Halloween is a big deal in the United States, but many cultures are catching on to the creepy tradition filled with costumes, candy, house parties, and hair-raising scares. In the States, you’ll find terrifying haunted houses, monster bashes, and immersive experiences from coast-to-coast, but if you want to broaden your horizons and travel for All Hallows’ Eve, we’ll tell you the cities that will make the spooky trip worth it.
The New England town known for the 17th century Salem Witch Trials has Halloween events for the entire family throughout October, ranging from a witch market and horror movie festival to haunted house tours and a grand fireworks show on October 31. View the full list of events here.
No culture does cosplay like the Japanese, and Halloween in Tokyo means joining more than one million fellow costume-clad revelers on the streets of Shibuya for a night of fun and creativity. Halloween is still largely unrecognized throughout most of Asia, but Tokyo has made the tradition its own.
You’re not a real Halloween fan until you’ve spent the holiday walking Transylvania’s medieval streets and touring the region’s Gothic castles that inspired Bram Stoker to create the terrifying classic character Dracula. Bran Castle, the most famous landmark, offers spooky tours all throughout October, and the city is filled with creepy and fun parties you can attend on October 31…if you dare.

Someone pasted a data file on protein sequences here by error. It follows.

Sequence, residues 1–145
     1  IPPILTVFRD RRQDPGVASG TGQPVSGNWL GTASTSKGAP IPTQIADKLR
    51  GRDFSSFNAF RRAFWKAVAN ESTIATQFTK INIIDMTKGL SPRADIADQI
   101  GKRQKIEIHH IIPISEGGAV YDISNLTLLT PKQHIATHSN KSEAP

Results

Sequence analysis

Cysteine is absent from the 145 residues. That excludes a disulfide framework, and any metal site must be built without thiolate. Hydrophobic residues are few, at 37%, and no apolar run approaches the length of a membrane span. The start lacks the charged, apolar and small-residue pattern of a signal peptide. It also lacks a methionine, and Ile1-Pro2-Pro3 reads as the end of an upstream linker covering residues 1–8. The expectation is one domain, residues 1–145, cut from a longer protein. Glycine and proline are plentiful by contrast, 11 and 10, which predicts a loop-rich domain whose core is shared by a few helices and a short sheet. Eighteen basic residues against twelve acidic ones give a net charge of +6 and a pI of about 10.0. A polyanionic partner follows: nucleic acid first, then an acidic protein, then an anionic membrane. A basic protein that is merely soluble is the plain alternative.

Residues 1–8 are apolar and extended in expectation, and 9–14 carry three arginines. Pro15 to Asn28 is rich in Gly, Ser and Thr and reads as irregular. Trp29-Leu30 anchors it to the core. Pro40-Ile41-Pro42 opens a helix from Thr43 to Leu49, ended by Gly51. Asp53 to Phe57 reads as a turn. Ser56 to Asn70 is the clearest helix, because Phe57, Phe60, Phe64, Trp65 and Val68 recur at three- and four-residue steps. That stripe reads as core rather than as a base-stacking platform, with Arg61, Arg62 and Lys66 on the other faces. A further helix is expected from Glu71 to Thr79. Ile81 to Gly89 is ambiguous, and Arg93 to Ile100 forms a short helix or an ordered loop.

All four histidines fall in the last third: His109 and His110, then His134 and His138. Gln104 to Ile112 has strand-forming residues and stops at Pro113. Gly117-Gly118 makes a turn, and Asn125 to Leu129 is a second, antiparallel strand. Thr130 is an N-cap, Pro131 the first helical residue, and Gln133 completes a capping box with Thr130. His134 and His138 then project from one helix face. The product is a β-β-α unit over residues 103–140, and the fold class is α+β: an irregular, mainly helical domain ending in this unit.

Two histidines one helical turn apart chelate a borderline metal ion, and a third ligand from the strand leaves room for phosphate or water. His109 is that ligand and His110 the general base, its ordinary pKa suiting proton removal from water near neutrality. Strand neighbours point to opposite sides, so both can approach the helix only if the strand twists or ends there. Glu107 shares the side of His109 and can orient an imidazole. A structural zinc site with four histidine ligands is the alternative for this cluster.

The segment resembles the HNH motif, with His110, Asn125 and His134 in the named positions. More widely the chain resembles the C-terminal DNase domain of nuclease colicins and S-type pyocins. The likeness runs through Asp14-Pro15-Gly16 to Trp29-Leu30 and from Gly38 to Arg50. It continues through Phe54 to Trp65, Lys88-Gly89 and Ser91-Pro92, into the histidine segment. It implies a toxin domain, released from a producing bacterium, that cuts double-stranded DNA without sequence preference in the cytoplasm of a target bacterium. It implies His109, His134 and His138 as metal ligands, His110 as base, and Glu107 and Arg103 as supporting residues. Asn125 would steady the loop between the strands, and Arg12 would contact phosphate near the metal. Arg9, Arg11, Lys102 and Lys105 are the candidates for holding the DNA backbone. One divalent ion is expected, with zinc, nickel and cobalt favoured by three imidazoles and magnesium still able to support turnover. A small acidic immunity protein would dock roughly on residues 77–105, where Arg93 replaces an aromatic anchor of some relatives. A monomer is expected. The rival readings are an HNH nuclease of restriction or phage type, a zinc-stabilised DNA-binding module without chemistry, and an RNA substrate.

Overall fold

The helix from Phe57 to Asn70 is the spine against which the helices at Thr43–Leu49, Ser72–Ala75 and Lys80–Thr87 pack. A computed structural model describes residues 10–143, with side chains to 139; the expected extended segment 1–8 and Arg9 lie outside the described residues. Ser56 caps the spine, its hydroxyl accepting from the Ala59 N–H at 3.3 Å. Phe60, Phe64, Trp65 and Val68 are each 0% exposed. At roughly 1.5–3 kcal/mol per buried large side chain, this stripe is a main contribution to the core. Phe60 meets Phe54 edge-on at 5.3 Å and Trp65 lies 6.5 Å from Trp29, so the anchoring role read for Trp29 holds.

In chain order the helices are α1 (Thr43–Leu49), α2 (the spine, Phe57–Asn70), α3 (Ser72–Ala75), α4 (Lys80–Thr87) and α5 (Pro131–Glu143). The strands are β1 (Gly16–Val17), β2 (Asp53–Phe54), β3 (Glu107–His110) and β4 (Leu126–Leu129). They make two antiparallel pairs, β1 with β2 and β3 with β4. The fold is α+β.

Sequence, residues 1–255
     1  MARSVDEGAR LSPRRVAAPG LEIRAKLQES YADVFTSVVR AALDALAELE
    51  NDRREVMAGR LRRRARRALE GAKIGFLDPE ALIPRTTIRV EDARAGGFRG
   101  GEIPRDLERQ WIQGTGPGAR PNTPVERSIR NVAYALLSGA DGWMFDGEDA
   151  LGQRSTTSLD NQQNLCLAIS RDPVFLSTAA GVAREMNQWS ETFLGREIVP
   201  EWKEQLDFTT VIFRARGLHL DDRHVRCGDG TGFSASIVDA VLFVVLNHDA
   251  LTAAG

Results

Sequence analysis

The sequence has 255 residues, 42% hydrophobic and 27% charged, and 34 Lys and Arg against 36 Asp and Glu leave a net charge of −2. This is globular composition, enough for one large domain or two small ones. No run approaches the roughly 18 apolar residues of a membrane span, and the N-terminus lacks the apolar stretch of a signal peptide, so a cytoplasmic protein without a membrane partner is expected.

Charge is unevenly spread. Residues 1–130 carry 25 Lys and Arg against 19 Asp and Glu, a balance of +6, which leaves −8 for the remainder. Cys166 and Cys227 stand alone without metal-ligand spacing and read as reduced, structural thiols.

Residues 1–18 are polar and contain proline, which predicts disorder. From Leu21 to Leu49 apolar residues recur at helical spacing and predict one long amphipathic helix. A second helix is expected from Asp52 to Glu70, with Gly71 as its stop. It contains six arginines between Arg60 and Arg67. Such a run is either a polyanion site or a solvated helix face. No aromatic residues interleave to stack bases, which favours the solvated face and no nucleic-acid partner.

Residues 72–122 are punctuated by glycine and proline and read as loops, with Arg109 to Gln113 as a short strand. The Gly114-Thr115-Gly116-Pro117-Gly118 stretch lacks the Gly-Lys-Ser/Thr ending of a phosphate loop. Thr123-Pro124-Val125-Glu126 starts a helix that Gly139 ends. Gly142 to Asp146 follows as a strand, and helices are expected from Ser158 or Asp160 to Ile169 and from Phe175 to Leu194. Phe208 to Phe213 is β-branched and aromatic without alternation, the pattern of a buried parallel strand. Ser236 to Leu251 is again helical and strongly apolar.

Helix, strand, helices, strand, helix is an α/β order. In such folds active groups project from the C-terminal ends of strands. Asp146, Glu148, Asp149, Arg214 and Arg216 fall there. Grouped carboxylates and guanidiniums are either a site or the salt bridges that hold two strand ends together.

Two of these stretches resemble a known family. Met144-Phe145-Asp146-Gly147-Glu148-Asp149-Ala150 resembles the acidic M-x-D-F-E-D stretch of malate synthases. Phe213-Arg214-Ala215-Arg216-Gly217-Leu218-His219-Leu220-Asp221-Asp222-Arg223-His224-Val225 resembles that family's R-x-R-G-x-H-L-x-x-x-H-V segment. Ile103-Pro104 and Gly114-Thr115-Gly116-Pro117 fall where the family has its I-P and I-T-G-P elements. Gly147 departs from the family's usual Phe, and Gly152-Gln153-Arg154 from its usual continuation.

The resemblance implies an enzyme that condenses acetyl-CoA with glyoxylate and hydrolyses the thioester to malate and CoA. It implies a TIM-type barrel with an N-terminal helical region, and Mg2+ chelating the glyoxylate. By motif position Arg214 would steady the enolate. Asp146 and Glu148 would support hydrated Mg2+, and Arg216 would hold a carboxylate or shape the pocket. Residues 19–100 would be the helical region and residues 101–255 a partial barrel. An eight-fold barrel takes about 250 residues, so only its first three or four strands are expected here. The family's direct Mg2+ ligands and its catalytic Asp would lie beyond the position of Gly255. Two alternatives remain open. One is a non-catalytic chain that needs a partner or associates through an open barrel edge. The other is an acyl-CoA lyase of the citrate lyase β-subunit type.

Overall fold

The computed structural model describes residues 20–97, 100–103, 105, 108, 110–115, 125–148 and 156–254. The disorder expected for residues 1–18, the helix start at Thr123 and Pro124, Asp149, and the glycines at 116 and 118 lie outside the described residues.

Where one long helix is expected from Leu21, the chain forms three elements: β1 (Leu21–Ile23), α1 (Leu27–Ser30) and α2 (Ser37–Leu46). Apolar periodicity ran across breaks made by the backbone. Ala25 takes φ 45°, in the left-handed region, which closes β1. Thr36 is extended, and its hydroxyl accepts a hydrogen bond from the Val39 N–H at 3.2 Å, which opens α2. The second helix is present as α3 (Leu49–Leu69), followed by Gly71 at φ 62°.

West Hollywood, California
Leave the kids and pets at home before heading to this Southern California tradition, which welcomes more than one hundred thousand costume-clad revelers for a unique Halloween Carnival. One of the biggest October 31 celebrations in the world, the city of West Hollywood goes all out for the holiday by turning the local bars and restaurants into a menacing good time, and you’ll want to put extra effort into your costume to compete with this festive crowd.
Mexico City, Mexico
Halloween’s got nothing on Day of the Dead (Día de Los Muertos) celebrations, the tradition that started in Mexico but is practiced in countries throughout Latin America. Held on November 2, Mexico’s celebration is a combination of Aztec rituals and Catholic traditions, as locals celebrate their deceased loved ones with a day of food, drinks, dancing, elaborate costumes, and activities.
Scotland and Ireland get into the Halloween spirit in a special way every year, as both countries celebrate the Gaelic festival called Samhain, which marks the end of the harvest season and the beginning of winter. Dublin goes all out with parties, festivals, and carnivals, which are all on par with modern Halloween traditions while being firmly planted in Gaelic folklore.
Source: Travel – Travel Noire